Conditional marketing authorisation (CMA) means the accelerated act of allowing the approval of a vaccine that addresses an unmet medical need with a positive benefit – risk balance. CMAs are based on less comprehensive pharmaceutical data than a normal procedure. They are necessary to respond rapidly to public health threats, with health, social and economic impact. Specific requirements for conditional marketing authorisation need to be met within a defined timeframe. It is important to note that the safety requirements for a novel vaccine will not be lowered and remain the same as for any other vaccine in the EU. Furthermore, the submitted data need to be sufficiently complete in order to show the safety, quality and effectiveness of the vaccine. The benefits need to outweigh any risks. Moreover, even when a CMA has been granted, ongoing or new studies will still be necessary. The CMAs do not remain indefinitely, but are valid for one year only and can annually be renewed. The marketing authorisation may be transformed into a standard one as soon as comprehensive data have been obtained.
CMA applies to 31 countries served by the European Medicines Agency (EMA)
The EMA (European Medicines Agency) promotes and protects human and animal health. This agency serves the 28 EU member states, Iceland, Liechtenstein as well as Norway and is a decentralized agency of the EU. The U.S. equivalent to the EMA is called Food and Drug Administration (FDA).
Normally, the EMA finishes the scientific review process within 210 days. However, in the case of the COVID-19 vaccine, the agency will proceed more rapidly as CMA may be granted in emergency situations in response to threats to the public health.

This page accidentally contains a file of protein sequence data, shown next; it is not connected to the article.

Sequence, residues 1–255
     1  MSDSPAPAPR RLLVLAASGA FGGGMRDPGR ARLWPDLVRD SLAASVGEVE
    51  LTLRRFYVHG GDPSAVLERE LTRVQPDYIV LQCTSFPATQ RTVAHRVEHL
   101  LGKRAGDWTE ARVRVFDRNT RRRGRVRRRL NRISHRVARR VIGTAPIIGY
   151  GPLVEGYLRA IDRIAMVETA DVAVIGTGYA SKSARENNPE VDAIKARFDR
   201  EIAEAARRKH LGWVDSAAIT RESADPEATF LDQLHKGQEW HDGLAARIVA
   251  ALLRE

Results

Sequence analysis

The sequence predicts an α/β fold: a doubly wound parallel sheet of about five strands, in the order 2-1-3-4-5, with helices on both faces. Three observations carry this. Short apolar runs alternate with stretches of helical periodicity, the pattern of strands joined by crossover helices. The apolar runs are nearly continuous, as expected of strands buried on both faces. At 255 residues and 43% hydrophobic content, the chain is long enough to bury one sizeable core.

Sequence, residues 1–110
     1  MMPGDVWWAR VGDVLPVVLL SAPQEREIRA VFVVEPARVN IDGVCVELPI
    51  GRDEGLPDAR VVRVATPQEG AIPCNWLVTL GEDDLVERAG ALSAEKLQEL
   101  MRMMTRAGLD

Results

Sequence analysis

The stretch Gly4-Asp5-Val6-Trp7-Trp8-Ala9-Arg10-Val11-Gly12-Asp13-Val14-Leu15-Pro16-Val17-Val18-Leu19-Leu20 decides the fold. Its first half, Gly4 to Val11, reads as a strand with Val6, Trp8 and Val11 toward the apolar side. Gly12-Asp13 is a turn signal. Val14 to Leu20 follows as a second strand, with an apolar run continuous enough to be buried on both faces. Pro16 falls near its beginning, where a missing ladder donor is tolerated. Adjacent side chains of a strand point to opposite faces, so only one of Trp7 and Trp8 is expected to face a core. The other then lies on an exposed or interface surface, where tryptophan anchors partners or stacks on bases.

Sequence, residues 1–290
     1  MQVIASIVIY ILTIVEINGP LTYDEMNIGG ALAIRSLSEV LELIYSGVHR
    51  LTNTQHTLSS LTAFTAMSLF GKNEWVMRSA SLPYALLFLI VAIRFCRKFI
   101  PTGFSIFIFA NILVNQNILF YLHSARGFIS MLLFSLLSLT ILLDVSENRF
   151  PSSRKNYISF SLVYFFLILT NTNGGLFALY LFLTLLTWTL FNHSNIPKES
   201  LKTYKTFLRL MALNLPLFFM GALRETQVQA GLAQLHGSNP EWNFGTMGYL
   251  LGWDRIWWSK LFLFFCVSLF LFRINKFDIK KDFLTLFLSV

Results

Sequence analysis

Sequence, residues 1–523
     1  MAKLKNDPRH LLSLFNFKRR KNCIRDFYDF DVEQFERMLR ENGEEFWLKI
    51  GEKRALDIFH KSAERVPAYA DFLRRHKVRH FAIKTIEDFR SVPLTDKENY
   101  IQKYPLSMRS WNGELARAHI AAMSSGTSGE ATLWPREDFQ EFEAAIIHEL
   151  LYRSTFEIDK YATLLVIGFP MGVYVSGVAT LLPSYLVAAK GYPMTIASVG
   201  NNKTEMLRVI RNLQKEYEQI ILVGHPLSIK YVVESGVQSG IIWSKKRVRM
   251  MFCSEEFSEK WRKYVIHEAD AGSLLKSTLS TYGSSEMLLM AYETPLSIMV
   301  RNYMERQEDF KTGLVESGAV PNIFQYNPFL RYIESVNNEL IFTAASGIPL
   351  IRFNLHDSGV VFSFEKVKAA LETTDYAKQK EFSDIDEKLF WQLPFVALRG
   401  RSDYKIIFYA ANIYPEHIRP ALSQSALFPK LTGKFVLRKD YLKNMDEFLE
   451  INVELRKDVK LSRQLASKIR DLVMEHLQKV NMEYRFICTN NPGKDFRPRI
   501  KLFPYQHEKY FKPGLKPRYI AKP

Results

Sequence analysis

The European Commission will grant the needed marketing authorisation for the whole EU as soon as the scientific evidence affirms a positive benefit-risk assessment. The thorough assessment will be carried out by the EMA.
Read our article on the immune system to learn more.
This week, you can tune in to another IATE goes Audio feature: click below to listen to ‘Conditional marketing authorisation’ explained in English.
EMA. 2020. Conditional Marketing Authorisation. [ONLINE] Available at: https://www.ema.europa.eu/en/news/ema-receives-application-conditional-marketing-authorisation-covid-19-mrna-vaccine-bnt162b2. [Accessed 10 December 2020].
Euractiv. 2020. Conditional Marketing Authorisation. [ONLINE] Available at: https://www.euractiv.com/section/coronavirus/news/conditional-authorisation-most-likely-for-covid-19-vaccine-ema-says/. [Accessed 10 December 2020].
EMA. 2020. Glossary. [ONLINE] Available at: https://www.ema.europa.eu/en/glossary/conditional-marketing-authorisation. [Accessed 10 December 2020].
EMA. 2020. EMA receives application. [ONLINE] Available at: https://www.ema.europa.eu/en/news/ema-receives-application-conditional-marketing-authorisation-covid-19-mrna-vaccine-bnt162b2. [Accessed 10 December 2020].
EMA. 2020. Human regulatory. [ONLINE] Available at: https://www.ema.europa.eu/en/human-regulatory/marketing-authorisation/conditional-marketing-authorisation. [Accessed 10 December 2020].
Written by Victoria Milhan